Useful changes to the car are:
New more efficient rad fans, with a manual override
Edelbrock carbs ( plus other Edelbrock treatment of the engine, if you like more BHP)

Seat belts in the back
Front seats with a head rest
Main cut off switch for the battery, accesible in the drivers footwell

Last edited by Janne; 05-01-12 at 04:50 PM.
Reply With Quote
  #51 (permalink)  
Old 06-01-12, 09:47 PM
Senior Member
 
Join Date: Mar 2011
Location: Hopkinsville, Kentucky
Posts: 188
Default The young man with the old Bristol

Janne, a few of us have tried to make some sense of this, and the other conflict is between the new owner and his mother. He wants to fix the car up and change things out, like the transmission. She wants him to keep it original,and my guess would be hopes that he would sell it for a good price to someone who wants one to restore. We all told him that any alternations will decrease the value of the car, regardless of the poor condition it is now in. I too, admir enthusiasm, but youth and common sense or not mutually exclusive.
Reply With Quote
  #52 (permalink)  
Old 17-01-12, 05:08 PM
Member
 
Join Date: Jan 2011
Location: Grand Cayman
Posts: 114
Default

It is not by business, but I fear the young man will do some serious damage to the car. I am not sure he understands the rarity of this car.
Reply With Quote
  #53 (permalink)  
Old 27-01-12, 09:37 PM
Member
 
Join Date: Jul 2011
Posts: 25
Default Old Photoes

Hi Everybody,
I was going through some old photos and I found some of the Bristol. This is how it looked before my dad started working on it.
There are also some photos of the door and some lights.
The photos were scanned in to the computer so they are not the best quality.

There is also a photo of a Bristol 403, I think my dad went to a show or to a friends house and took this photo.
Attached Images
File Type: jpg img043.jpg (91.0 KB, 39 views)
File Type: jpg img033.jpg (99.2 KB, 36 views)
File Type: jpg img035.jpg (60.8 KB, 29 views)
File Type: jpg img036.jpg (61.1 KB, 24 views)
File Type: jpg img037.jpg (83.7 KB, 33 views)
Reply With Quote
  #54 (permalink)  
Old 28-01-12, 02:17 PM
Member
 
Join Date: Apr 2009
Location: York
Posts: 812
Default

I can see only two maroon coloured 403's on the owners club register in the USA and only one is left hand drive like the one on your pictures.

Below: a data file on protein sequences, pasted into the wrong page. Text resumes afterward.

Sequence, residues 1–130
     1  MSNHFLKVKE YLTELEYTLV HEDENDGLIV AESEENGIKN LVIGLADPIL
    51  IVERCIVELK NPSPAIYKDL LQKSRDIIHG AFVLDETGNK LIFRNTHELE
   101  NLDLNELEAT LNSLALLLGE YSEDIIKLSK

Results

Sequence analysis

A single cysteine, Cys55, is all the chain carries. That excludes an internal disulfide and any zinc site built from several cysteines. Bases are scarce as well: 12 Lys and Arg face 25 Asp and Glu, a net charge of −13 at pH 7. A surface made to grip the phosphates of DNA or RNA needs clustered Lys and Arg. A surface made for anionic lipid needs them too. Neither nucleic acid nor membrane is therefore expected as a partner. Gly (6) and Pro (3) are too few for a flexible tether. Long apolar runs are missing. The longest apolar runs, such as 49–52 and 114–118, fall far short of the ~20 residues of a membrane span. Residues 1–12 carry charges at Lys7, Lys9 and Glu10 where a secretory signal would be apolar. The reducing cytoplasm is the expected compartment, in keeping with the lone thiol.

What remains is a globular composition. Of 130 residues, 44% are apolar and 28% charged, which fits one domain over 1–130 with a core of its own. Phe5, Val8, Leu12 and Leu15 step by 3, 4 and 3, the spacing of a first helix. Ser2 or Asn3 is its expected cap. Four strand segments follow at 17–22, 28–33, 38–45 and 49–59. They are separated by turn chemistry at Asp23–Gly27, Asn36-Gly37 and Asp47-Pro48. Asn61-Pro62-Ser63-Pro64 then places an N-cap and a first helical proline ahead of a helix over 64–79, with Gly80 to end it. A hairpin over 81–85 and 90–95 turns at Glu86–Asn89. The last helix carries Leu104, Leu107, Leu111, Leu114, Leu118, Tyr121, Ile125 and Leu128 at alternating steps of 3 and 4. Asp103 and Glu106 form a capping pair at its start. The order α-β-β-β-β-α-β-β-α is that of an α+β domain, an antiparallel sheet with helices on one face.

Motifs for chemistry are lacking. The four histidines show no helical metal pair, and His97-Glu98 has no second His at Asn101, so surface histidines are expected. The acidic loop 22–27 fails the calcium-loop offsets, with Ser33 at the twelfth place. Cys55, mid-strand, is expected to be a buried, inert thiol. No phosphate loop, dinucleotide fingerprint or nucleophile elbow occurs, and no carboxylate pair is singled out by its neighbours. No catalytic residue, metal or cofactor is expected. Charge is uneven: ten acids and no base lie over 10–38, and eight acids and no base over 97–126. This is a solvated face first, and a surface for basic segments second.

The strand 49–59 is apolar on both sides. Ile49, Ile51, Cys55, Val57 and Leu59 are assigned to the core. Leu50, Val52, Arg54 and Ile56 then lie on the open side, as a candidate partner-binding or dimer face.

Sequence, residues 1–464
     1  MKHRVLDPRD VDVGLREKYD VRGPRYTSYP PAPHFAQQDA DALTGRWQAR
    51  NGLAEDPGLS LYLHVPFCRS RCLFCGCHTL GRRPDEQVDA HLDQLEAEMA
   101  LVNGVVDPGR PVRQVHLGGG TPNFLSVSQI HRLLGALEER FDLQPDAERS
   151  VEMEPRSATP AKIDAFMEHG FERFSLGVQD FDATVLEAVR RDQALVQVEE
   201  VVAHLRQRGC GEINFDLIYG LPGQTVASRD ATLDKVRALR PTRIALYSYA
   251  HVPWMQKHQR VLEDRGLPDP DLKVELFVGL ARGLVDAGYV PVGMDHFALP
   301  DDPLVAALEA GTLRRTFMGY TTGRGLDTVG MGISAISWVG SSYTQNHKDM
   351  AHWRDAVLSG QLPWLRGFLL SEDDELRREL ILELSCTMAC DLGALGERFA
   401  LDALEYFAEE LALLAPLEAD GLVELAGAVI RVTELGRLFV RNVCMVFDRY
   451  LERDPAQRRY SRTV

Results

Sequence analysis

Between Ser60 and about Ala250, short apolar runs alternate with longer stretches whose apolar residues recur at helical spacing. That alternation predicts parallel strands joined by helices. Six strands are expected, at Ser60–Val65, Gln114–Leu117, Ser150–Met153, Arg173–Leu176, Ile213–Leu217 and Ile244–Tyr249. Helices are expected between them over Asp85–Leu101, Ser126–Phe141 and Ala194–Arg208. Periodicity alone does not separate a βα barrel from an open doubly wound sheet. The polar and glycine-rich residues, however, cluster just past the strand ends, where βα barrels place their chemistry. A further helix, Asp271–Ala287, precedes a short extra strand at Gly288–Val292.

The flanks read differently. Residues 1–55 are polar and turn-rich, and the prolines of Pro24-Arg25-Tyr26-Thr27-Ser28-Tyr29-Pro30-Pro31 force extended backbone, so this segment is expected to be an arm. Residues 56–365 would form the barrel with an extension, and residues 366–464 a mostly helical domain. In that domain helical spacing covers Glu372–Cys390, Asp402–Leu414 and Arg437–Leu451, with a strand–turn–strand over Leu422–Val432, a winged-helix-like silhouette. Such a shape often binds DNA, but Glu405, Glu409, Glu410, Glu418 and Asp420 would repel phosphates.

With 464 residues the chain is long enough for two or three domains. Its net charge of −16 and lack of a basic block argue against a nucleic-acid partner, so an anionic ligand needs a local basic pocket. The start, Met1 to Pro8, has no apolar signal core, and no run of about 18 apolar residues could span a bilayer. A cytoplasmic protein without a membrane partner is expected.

Maybe you could contact the owners to find out if they knew your father and have any information on the 408.

Although the other right hand drive 403 is an identical colour so may have been converted to LHD. Hard to tell with no reg. on the front.

Hope it's all going well
Reply With Quote
  #55 (permalink)  
Old 28-01-12, 02:53 PM
Member
 
Join Date: Jul 2011
Posts: 25
Default

Quote:
Originally Posted by GREG View Post
I can see only two maroon coloured 403's on the owners club register in the USA and only one is left hand drive like the one on your pictures.

Maybe you could contact the owners to find out if they knew your father and have any information on the 408.

Although the other right hand drive 403 is an identical colour so may have been converted to LHD. Hard to tell with no reg. on the front.

Hope it's all going well


The first two photos are of my Bristol before my dad started work on it.
The 403 is probably his friend's. I just want to know if any of you know who it is so I can figure out more about my dad and the other cars he worked on.
Reply With Quote
  #56 (permalink)  
Old 28-01-12, 03:55 PM
Member
 
Join Date: Jul 2008
Posts: 78
Default

Hi
Those of us with access to owners details could only tell the owner that you want to get in touch, we shouldn't tell you who he is.
Reply With Quote
  #57 (permalink)  
Old 28-01-12, 04:33 PM
Member
 
Join Date: Apr 2009
Location: York
Posts: 812
Default

Yes, It's worth joining the owners club for this sort of information and lots of other information that will help with the restoration.

They may even have detailed history of your car.
Reply With Quote
  #58 (permalink)  
Old 28-01-12, 04:51 PM
Member
 
Join Date: Jul 2011
Posts: 25
Default Finding a car

Alright well Thank you all, I will see if I can join. and see if it would be worth it.
Reply With Quote
Reply

Tags
407, bristol, restore

Thread Tools Search this Thread
Search this Thread:

Advanced Search
Display Modes

Posting Rules
You may not post new threads
You may not post replies
You may not post attachments
You may not edit your posts

BB code is On
Smilies are On
[IMG] code is Off
HTML code is Off
Trackbacks are Off
Pingbacks are Off
Refbacks are Off


All times are GMT. The time now is 08:55 AM.


This is the live site

Search Engine Friendly URLs by vBSEO 3.6.0 PL2